Torch Music Review

Shedding light on the music you should be listening to

Paint It Black – “Invisible”

With age comes responsibility, but that doesn’t mean punk rock parents can’t still rage.

Paint It Black returns with a new, six-song EP and a few more family members, brandishing a belief decrying the idea that punks can’t age properly.

As they say on No Idea Records’ website: “It’s about the compromises we refuse to make, but also about the subtle negotiations between ideals/aspirations and day-to-day pragmatics.”

For the uninitiated, Paint It Black is a hardcore punk band that’s been around for a while, made up of four men from a bunch of punk bands that are or were around for a while. These Philly four have maintained their edge, and these six songs are about as harsh, bare-bones, DIY punk as it gets.

“The album is a dead format for us. This is complete,” frontman Dan Yemin said to Brooklyn Vegan about “Invisible,” and that holds true. The EP runs a shade under 11 minutes, but that brief time is furious and frenzied.

Addressing pretension and encouraging effort, Yemin is constantly on the attack with what he says and how he shouts it, supported by music that adds exponentially to his bite. Paint It Black is here to throw haymakers, with subtlety checked at the door.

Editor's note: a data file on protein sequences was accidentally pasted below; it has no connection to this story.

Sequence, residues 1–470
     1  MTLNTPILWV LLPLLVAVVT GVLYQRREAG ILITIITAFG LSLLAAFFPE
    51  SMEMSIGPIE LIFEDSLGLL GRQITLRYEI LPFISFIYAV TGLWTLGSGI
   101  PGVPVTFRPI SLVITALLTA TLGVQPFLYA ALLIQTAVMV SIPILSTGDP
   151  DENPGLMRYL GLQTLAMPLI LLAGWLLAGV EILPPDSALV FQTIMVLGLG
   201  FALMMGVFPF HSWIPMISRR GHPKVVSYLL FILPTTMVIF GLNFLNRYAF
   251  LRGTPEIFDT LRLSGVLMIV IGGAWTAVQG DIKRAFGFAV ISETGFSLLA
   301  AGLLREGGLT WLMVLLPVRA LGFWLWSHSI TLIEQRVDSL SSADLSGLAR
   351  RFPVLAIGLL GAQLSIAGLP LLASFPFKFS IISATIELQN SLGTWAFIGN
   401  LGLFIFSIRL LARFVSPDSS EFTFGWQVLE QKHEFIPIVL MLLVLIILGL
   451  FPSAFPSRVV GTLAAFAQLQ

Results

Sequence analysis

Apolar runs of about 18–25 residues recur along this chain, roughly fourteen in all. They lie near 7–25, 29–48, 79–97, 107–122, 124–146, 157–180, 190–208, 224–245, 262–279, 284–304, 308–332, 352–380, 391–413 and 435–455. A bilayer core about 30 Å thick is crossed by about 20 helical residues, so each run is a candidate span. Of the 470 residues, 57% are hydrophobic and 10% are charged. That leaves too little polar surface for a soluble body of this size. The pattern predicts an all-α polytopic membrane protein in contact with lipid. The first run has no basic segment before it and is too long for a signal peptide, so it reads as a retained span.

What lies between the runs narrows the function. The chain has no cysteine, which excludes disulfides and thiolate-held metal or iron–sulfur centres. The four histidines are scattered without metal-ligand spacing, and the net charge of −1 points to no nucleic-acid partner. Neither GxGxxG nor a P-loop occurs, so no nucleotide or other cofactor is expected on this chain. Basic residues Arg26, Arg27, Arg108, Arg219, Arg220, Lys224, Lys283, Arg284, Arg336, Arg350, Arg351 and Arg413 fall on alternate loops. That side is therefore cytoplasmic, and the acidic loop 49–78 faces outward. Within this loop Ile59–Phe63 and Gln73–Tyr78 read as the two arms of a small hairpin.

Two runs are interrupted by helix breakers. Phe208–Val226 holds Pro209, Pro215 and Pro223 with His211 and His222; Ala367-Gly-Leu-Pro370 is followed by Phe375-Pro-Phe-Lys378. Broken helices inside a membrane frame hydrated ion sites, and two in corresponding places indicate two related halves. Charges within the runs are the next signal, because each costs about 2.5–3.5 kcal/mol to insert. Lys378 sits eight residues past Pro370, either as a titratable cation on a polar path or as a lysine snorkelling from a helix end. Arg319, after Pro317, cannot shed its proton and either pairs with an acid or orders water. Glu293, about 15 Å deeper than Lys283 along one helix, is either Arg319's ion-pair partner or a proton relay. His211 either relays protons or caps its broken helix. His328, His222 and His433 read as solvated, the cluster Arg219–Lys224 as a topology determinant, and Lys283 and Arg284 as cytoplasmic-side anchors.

Moments like the nigh-theatric ending of “Headfirst” and the kinetic, disjointed structure of intro “Greetings, Fellow Insomniacs” are gratifying examples of the good work provided. Paint It Black isn’t reinventing any wheels, but they have them rolling smoothly here.

In the same interview, Yemin reveals why he’s still as full of both hope and anger as he once was: “The political songs are about imagining and building a better world for my kids.” Perhaps that’s why it’s so satisfyingly brief and angry—there’s no time to mess around.